Of course, many would point to the lure of the co-op or competitive multiplayer. Well, for one thing, the potential lure of co-op is dampened by the fact that it's offline split-screen only, while the other modes are competitive only. Upon entering the online menu for the first time, the update patch takes fully 15 minutes to download and apply itself - and the promise of 40-player online relies on extensive waiting around and other players' patience. Most matches during the review phase were limited to 16-player only, which evidently makes it difficult to comment on the mayhem of mass deathmatch madness.
But as many have noted, the game's best weapons are the real star of the online game, and make it a lot easier to tolerate the utter blandness of some of the maps. The balanced nature of the weaponry makes it an intriguing battle on some levels, with weapons like the Auger making it a real cat and mouse affair - especially with someone, say, capable of rebounding Hailstorm fire with skill. The addition of thousands of European gamers on the servers won't hurt the game's appeal in the initial launch period, but it's hard to say whether that will last long. Certainly, the US servers still had plenty of games up and running even at unfavourable times of day, which is a good sign.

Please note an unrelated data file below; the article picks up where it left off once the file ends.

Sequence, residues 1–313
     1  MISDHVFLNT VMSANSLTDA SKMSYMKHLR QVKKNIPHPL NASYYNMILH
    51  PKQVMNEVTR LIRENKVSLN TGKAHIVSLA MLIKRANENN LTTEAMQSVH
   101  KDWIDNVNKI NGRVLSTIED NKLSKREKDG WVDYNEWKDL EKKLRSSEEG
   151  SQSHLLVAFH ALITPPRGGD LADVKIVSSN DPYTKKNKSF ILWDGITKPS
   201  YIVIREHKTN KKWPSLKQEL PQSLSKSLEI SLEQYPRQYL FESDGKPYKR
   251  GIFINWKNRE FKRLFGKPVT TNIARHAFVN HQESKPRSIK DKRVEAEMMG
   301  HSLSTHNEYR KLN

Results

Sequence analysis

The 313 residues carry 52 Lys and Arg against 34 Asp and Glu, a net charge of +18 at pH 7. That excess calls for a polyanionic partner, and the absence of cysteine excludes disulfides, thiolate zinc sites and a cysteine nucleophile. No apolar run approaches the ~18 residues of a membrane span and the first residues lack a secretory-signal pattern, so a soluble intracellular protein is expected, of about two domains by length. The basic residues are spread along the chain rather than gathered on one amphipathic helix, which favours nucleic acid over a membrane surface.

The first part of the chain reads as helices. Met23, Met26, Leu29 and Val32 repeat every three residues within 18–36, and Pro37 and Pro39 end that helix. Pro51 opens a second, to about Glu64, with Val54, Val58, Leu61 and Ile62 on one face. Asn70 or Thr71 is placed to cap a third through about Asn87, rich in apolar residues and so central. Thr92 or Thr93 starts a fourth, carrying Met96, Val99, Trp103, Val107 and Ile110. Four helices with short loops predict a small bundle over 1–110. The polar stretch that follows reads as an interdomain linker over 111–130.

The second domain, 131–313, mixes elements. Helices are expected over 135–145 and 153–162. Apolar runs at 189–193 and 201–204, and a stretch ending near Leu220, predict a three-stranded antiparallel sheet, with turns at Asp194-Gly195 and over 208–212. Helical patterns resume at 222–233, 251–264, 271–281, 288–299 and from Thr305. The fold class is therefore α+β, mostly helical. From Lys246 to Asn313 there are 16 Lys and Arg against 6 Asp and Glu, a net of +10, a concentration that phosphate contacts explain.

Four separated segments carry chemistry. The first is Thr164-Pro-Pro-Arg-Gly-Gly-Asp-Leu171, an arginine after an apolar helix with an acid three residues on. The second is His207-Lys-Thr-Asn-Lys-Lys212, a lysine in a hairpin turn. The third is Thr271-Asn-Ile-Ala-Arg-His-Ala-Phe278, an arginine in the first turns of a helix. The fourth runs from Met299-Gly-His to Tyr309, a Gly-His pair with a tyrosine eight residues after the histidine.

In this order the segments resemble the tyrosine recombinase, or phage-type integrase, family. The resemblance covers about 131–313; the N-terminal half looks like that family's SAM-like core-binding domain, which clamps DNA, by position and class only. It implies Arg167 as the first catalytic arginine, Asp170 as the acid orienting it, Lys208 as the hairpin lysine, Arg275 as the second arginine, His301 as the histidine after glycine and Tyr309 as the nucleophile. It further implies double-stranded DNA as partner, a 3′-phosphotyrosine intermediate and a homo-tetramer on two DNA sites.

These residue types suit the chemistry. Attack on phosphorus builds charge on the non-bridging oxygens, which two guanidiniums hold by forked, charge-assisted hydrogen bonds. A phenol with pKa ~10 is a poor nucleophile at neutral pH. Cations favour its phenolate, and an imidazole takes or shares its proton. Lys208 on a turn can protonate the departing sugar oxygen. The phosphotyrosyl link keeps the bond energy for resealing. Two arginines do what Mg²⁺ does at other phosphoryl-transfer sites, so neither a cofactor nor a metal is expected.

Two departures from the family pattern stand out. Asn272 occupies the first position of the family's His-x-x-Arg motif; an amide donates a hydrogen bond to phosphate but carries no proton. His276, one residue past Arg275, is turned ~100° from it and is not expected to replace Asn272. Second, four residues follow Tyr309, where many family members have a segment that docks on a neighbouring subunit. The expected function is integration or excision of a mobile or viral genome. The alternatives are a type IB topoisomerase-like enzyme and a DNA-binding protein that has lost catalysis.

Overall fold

That said, in the cut and thrust world of online shooters, Resistance ranks well below some of the established big hitters out there. The lack of co-op, in particular, is a major oversight. Time will tell if it's significant, but given how popular the co-op online modes of Gears of War, GRAW 2 and Rainbow Six: Vegas have been, you can't help but feel that gamers have a basic requirement for collaborative online play these days. Another black mark, then.
The overall disappointment that comes from playing Resistance is troubling. For years, Insomniac has carved itself an impressive reputation, and had a golden opportunity to throw its creativity at a genre which has been stuck in its ways for far too long. That it merely aped almost all of the things wrong with this creatively moribund genre is alarming. That's not to say that it's a bad game at all, because in most senses Resistance bears a solid resemblance to a lot of very successful shooters of the last few years. But to simply come up with a game on a new platform that completely stands still feels like a huge disappointment from a studio that's more than capable of doing thing differently to everyone else. Put bluntly, the combat and AI is merely average, the visuals don't really wow, and the much-vaunted weaponry makes little difference to how it plays. To say we're underwhelmed is the understatement of the year.
6 / 10